Knowing one's migraine triggers can make a trip to the grocery store easier. However, a few simple tricks can further reduce the likelihood of inadvertently purchasing items that may actually end up being new triggers.
Some migraineurs swear by a “whole food” diet. Foods in this regimen include whole wheat, brown rice, low-fat dairy, soy, fresh fruits and vegetables, and fish high in omega-3 fatty acids. None of these foods are known to trigger migraine, and a diet clear of fried foods and refined sugars comes with its own set of health benefits.
Shopping the “perimeter” of the store — where meat, produce, dairy, and other fresh whole foods are usually located — for the bulk of your shopping is a good strategy for avoiding overly processed and potential trigger foods.
While fresh milk, butter and cream are not known to trigger migraines, there is a potential correlation with outdated dairy products. Always check the date on the carton, and try to buy products that are at least a week away from their posted sell-by date.
Yogurt and sour cream, on the other hand, are fermented products that contain tyramine, and should be avoided as potential triggers. Aged cheeses may also contain tyramine.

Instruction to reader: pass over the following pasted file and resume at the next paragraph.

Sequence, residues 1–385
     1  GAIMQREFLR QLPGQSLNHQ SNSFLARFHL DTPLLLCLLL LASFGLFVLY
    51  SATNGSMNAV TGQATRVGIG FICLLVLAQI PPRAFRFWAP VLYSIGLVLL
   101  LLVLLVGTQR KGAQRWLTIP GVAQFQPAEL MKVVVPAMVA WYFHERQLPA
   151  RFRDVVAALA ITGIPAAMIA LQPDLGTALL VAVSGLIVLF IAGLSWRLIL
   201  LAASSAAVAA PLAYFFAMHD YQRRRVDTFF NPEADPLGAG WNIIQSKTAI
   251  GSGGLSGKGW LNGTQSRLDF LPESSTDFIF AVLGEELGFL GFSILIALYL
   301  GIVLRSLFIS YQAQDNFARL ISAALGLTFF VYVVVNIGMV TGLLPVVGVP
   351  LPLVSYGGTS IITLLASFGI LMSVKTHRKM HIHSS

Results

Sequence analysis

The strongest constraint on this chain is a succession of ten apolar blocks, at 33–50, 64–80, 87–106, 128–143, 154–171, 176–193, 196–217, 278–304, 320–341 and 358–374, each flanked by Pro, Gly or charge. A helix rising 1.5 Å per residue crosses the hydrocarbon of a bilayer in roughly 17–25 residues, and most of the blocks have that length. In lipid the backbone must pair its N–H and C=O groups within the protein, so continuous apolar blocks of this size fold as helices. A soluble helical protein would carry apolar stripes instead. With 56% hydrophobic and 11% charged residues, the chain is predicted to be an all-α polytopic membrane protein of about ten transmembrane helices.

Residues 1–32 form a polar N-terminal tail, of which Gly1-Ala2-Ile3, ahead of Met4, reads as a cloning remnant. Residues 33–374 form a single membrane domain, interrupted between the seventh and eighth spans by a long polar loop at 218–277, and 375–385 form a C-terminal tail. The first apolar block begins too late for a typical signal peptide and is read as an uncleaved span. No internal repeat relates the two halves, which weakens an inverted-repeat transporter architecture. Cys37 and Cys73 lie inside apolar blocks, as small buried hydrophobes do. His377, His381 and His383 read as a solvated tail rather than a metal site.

Fruit and Veggies
While whole fresh fruits and veggies contain no MSG or other added triggering chemicals, some of them contain naturally occurring substances that can provoke an attack. Citrus fruits contain tyramine, so they frequently appear on lists of migraine trigger foods. Bananas contain both histamine and tyramine, also both potential migraine triggers. Avocado and spinach may be a problem for the same reason.
Some common histamine-containing foods are aged cheese, beer and ale, banana, citrus, eggplant, fish, pineapple, red wine, spinach, strawberry, tomato, and yeast.
Always check the labels on fruit and vegetables that are dried or dehydrated or that are in juice form. These may contain added sulfites, another known migraine trigger.
Besides fruits and vegetables, there are other foods that naturally contain migraine-triggering substances. Phenylethylamine-containing foods include cheese, chocolate, citrus, cocoa, and red wine. When avoiding tyramine-containing foods, make sure to skip aged cheese, beer and ale, fava beans, nuts, olives, pickles, red wine, salted or cured meat, sauerkraut, sour cream, soy sauce, teriyaki sauce, and yogurt.